Later in the month, GMU will also take part in the Day of Silence, a national student-led protest, and a project of the Gay, Lesbian and Straight Education Network (GLSEN), against the discrimination and harassment of gays, on April 18. A rally and vigil ''Breaking the Silence,'' will follow at 7 p.m. on that day.
''For members of our own LGBTQ communities, [Pride Week] is about celebrating, building and honoring our own community's accomplishments and learning from one another and expanding our view of what it means to be LGBTQ,'' Chollar says. ''But the larger backdrop would be [that] it's also [about] all of Mason, to learn about us and to help us celebrate the accomplishments of LGBTQ experiences.''
Chollar, a resident of Adams Morgan, has been involved with GMU's Pride Week for the past several years, and says that the event's growth has not happened without opposition. An idea to advertise GMU's Pride events on the front page of the university's Web site several years ago generated negative feedback from some parents, Chollar says.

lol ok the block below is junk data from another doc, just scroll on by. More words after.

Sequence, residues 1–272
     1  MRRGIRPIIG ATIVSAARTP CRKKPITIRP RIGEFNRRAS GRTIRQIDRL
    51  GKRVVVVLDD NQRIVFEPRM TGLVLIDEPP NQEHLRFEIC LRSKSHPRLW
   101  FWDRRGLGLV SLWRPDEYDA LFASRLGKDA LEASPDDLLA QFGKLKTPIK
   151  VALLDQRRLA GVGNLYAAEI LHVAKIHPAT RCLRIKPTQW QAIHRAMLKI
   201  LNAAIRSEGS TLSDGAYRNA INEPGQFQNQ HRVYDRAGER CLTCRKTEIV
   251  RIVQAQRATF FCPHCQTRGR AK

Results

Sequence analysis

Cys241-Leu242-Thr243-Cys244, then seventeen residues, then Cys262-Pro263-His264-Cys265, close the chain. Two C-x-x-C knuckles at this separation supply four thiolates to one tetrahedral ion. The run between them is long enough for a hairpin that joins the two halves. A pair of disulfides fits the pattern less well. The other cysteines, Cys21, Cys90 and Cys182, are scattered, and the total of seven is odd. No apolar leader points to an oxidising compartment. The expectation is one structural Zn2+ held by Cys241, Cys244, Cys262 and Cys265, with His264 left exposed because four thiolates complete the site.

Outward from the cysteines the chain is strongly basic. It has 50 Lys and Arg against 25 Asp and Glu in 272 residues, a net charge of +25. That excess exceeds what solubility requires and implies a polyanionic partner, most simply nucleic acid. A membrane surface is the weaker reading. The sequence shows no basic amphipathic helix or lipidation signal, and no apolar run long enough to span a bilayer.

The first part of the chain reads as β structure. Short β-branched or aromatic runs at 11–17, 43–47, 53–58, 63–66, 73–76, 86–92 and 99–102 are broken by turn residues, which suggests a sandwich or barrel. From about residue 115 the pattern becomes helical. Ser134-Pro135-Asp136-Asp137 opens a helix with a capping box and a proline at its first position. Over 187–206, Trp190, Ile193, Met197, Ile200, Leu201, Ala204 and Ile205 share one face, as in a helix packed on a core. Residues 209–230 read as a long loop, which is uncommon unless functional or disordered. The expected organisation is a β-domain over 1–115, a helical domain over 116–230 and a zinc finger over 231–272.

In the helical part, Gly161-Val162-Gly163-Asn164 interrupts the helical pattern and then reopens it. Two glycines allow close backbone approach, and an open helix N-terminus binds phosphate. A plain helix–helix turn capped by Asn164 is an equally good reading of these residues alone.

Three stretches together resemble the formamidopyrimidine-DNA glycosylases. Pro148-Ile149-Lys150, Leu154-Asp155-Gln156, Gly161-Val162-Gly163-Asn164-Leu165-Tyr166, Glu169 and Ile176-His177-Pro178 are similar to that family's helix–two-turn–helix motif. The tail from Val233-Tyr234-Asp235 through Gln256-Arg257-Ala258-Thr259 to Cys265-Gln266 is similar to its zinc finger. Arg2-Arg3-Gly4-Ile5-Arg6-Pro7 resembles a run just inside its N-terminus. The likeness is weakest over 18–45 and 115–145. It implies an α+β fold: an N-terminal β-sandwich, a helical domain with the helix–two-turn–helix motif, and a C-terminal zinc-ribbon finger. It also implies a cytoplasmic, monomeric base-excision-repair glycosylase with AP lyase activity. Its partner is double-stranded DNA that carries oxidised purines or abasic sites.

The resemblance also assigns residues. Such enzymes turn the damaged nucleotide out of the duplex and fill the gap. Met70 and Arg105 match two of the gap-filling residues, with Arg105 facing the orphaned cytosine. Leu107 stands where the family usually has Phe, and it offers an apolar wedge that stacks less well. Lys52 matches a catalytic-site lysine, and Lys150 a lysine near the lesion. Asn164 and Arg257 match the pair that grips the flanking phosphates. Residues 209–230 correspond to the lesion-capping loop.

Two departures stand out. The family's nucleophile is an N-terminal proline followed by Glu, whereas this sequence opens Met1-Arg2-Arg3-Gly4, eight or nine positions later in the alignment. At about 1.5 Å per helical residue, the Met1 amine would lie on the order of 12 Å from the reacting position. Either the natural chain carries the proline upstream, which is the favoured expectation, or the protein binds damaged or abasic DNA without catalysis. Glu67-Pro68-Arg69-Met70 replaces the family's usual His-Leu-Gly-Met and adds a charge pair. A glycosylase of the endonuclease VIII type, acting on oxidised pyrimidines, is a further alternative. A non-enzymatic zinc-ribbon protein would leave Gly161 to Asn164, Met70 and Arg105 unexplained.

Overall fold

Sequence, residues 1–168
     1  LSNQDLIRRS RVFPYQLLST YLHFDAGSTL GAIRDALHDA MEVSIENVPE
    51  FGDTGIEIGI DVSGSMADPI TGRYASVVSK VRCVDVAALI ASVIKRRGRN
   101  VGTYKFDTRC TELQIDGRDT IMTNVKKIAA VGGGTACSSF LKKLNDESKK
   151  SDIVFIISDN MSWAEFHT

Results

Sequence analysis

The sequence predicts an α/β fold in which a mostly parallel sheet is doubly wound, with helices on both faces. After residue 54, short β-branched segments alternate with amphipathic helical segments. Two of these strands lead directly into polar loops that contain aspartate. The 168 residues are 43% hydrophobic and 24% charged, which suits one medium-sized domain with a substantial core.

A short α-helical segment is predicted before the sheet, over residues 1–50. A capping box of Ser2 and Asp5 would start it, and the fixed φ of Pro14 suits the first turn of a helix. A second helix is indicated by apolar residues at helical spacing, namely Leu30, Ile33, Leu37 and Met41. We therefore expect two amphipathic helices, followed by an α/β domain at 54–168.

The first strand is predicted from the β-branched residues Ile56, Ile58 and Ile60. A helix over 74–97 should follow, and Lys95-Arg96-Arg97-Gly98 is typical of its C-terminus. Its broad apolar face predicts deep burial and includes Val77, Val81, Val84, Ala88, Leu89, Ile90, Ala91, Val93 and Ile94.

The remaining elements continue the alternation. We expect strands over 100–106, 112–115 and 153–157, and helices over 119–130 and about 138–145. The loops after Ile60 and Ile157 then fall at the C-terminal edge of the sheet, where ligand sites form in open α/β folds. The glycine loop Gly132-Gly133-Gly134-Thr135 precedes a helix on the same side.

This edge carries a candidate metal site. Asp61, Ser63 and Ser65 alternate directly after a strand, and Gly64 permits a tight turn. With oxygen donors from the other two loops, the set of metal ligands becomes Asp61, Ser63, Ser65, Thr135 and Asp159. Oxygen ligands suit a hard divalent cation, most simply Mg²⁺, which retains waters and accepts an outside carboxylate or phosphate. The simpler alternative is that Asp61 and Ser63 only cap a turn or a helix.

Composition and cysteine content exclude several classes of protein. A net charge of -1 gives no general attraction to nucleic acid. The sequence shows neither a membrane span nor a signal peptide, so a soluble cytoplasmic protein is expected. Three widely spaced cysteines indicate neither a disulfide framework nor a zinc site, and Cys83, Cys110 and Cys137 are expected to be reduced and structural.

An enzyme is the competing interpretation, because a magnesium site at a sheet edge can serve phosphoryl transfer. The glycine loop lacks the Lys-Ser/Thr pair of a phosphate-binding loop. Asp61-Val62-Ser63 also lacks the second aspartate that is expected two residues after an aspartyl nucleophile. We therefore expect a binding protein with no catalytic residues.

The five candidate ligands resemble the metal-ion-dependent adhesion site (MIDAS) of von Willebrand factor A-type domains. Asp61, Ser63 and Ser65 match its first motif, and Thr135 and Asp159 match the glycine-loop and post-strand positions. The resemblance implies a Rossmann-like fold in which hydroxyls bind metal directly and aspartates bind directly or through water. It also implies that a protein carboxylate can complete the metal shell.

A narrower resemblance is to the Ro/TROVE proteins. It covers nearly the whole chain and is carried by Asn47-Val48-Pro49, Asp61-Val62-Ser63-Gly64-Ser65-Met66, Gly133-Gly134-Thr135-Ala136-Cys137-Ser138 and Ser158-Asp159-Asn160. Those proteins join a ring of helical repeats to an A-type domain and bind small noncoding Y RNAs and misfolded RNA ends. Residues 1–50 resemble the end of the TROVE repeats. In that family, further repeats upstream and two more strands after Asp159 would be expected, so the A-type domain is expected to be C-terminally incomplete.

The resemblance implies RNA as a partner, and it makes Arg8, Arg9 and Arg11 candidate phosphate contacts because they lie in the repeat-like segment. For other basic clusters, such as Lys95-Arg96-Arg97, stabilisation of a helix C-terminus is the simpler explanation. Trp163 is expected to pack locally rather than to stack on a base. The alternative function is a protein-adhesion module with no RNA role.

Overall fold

''People called up, not too many, saying 'I don't want my tax money to go into supporting morally corrupt lifestyles,' or 'I don't want my children attending a university that puts resources into immoral stuff.' Whenever there is higher visibility or good things happening, we also get reactions to it.''
Shizrae Mallick, a 19-year-old, straight sophomore, reacted to a fellow student's anti-gay slurs by joining the equal rights movement when she was in high school. Responding to an incident of gay-bashing by ''standing up for the community,'' she quickly found that rumors were circulated that she was lesbian.
''I did feel discriminated against and that's why I wanted to help in any way I could. I feel so attached to this community,'' says Mallick, who describes herself as a good listener and a ''hardcore ally.''
Like many other colleges, GMU offers ''Safe Zone'' training on how to be an effective ally to gay students. Training, which Chollar says is open to students of other colleges as well as the general public, is available on Friday, April 6, at GMU's Prince William campus, and again on Tuesday, April 10 at the Fairfax campus.